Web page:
Some frogs surviving deadly chytrid fungus infection
Australian scientists have found that some native frogs are winning their war against the world's most devastating frog-killer – the chytrid fungus – while others are losing it.
Studies by the ARC Centre of Excellence for Environmental Decisions (CEED) show the whistling tree frog is successfully beating the lethal fungus, as is the alpine tree frog. However the iconic yellow-and-black striped corroboree frog – a critically endangered Australian species – is fast losing the struggle.
The research is also revealing what causes frogs to live or die – providing scientists crucial clues in the fight to save the nation's remaining frogs, says Mr Ben Scheele, who recently completed his PhD with CEED at The Australian National University (ANU).
"Frogs catch the fungal infection through contact with infected water or direct contact with other infected frogs," says Mr Scheele. "It attacks the skin, making it difficult for the frogs to breathe, and this stops their heart eventually."
Research has suggested that the chytrid fungus has been spread by the African clawed frog, which carries it but is immune. For decades African frogs were exported worldwide following a 1934 discovery that they could be used for pregnancy tests in humans.
"Chytrid has since been found in over 500 amphibian species, and is now on all continents except Antarctica," Mr Scheele says. It has driven the decline of over 200 species, of which 113 are thought to be extinct. As Australian frogs face the same fate, we decided to investigate this killer, focusing on its long term effects."
Good news is that the whistling tree frog is recovering, since its population crashed in the 1980s, Mr Scheele says. Surveys show that year by year, the species is returning to habitats it used to occupy decades ago, and has even been found at 39 new sites.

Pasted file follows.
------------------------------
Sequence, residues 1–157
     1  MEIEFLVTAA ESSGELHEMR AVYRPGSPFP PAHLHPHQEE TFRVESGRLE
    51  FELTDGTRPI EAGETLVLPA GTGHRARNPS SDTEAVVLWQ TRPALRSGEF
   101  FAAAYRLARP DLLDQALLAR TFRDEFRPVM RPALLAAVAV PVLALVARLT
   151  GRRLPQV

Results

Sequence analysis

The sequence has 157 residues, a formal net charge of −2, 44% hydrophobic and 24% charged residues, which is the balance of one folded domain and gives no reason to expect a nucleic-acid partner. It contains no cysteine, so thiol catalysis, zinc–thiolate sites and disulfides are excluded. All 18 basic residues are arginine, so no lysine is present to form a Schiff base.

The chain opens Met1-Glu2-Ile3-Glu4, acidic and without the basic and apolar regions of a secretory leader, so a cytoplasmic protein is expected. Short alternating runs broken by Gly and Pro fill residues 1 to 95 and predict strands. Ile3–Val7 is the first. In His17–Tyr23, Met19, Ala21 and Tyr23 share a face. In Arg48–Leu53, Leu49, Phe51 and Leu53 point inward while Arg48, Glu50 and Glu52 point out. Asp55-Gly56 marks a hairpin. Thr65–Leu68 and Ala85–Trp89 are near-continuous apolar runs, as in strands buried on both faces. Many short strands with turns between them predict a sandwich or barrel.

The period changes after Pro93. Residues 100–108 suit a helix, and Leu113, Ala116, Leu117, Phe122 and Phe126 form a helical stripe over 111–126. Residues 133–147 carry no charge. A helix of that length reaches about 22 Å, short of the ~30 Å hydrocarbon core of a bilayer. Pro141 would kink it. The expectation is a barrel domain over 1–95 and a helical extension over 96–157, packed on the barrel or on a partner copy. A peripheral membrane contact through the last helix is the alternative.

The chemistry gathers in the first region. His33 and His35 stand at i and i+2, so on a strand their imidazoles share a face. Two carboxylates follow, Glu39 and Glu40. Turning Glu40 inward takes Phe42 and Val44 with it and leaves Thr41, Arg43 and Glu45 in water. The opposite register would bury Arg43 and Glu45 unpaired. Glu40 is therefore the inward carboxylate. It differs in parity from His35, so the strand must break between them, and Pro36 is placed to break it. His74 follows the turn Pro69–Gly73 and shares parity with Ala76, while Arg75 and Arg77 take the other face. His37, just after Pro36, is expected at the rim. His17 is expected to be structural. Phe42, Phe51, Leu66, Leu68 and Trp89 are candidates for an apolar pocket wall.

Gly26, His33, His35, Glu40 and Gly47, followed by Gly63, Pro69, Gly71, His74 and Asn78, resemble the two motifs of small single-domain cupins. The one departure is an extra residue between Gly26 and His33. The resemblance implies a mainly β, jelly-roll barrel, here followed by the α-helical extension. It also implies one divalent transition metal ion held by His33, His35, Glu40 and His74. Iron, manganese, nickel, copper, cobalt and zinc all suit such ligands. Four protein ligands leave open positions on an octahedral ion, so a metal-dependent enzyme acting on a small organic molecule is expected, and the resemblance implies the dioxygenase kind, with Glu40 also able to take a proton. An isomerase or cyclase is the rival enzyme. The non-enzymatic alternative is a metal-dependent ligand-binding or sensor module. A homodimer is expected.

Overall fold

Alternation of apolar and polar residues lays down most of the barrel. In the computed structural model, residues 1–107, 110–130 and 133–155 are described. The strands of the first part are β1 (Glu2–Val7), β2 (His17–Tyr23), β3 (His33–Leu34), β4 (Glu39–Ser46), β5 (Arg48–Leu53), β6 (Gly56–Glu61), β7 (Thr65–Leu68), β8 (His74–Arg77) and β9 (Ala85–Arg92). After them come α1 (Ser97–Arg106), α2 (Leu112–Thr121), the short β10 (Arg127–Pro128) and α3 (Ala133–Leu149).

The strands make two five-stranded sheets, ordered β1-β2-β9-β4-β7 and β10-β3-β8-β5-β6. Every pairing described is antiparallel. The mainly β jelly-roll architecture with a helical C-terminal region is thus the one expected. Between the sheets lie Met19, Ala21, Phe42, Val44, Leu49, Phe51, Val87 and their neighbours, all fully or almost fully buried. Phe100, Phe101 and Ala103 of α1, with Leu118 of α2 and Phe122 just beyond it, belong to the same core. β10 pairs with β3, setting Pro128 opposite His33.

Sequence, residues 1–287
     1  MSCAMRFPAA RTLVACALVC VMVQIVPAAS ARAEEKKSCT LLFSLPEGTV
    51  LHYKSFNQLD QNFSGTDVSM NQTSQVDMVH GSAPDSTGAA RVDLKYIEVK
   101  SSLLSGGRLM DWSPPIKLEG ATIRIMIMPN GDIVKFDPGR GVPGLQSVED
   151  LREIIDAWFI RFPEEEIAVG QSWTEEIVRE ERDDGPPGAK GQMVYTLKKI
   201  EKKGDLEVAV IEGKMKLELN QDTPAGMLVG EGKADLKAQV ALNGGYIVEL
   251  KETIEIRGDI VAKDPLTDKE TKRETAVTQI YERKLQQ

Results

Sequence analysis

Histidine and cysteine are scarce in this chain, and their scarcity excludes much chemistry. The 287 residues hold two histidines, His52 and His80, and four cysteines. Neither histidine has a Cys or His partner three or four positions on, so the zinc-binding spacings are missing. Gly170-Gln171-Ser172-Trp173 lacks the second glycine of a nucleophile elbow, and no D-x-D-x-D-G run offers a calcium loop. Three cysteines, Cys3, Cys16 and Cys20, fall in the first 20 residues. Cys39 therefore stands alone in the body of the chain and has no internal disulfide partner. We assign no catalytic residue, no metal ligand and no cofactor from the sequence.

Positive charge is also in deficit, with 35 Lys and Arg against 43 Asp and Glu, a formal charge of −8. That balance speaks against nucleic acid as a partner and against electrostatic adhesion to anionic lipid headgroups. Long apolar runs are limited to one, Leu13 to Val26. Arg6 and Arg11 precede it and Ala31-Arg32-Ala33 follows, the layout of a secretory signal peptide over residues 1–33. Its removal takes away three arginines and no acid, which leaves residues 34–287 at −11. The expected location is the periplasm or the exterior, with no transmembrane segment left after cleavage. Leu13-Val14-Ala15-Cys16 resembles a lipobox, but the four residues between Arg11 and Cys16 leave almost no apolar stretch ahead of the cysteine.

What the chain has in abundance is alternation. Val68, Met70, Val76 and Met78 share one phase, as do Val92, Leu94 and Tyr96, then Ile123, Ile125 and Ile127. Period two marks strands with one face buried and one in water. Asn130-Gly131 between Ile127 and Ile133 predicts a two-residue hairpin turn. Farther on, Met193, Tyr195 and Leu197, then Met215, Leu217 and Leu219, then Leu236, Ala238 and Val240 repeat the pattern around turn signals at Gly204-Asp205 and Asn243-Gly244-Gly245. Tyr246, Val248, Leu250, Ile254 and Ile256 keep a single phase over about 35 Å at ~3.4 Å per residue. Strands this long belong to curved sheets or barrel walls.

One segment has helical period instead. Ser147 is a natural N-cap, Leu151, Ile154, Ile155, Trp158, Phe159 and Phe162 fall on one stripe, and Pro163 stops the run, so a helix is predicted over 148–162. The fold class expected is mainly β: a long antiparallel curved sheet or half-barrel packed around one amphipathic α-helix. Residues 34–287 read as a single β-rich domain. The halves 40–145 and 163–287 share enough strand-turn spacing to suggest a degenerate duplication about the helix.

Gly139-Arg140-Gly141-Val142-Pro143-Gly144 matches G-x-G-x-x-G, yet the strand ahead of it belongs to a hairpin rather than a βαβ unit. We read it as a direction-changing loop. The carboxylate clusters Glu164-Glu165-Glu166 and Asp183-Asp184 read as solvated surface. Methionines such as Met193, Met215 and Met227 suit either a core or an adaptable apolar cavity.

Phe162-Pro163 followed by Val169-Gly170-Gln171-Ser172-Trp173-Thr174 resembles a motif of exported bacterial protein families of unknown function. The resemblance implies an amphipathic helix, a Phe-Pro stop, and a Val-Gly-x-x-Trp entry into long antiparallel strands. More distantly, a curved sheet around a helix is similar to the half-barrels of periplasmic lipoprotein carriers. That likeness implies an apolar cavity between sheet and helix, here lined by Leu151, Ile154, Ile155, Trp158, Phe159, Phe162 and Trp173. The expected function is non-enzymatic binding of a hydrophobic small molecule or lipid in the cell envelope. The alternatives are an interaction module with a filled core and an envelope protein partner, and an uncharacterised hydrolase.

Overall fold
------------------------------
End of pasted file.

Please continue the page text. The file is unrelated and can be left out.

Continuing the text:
"High quality habitat plays an important role. Many of the sites we looked at contained coarse woody debris which provided refuge for new colonisers. These ponds also had more plants and stable water levels which are needed to protect developing frog eggs and provide habitat for tadpoles," he explains.
Monitoring by the NSW Office of Environment and Heritage shows that numbers of endangered alpine tree frogs, despite going through a similar decline in recent decades, now appear stable. "Our studies reveal this is because chytrid is rare in their tadpoles and juvenile frogs, which enables the next generation to spread out in its woodland habitat free of the disease," says Mr Scheele.
"Although adult frogs later return to the wetlands to mate and contract the fungus, they are usually able to breed before they die."
On the other hand, the iconic northern corroboree frog, once abundant in Kosciuszko and Namadgi National Parks, is being pushed closer to extinction every day. While some frogs survived the fungus' attack in the 1980s, they are still infected through common eastern froglets that carry chytrid and share the corroboree frog's habitats.
"For frogs that are losing the battle, we'll have to breed them in captivity or transfer them to environments that can help get rid of the fungus," says Mr Scheele. "These include ponds with shallow edge areas that heat up rapidly, as chytrid dies in warm temperatures. We can also deepen ponds and fill them with water, preventing them from drying during droughts and killing tadpoles."
It's crucial to maintain high quality habitats for frogs that are surviving or re-expanding their population, he adds. "Australians can also help by monitoring their local frogs – through programs such as FrogWatch – and help raise awareness on how to protect our amphibians.
"Our results show that given enough time, some amphibian species can recover from diseases, provided that high quality habitat is protected. So the simplest thing we can do for these species is to prevent further habitat loss."
"Decline and re-expansion of an amphibian with high prevalence of chytrid fungus," Biological Conservation, Volume 170, February 2014, Pages 86-91, ISSN 0006-3207, dx.doi.org/10.1016/j.biocon.2013.12.034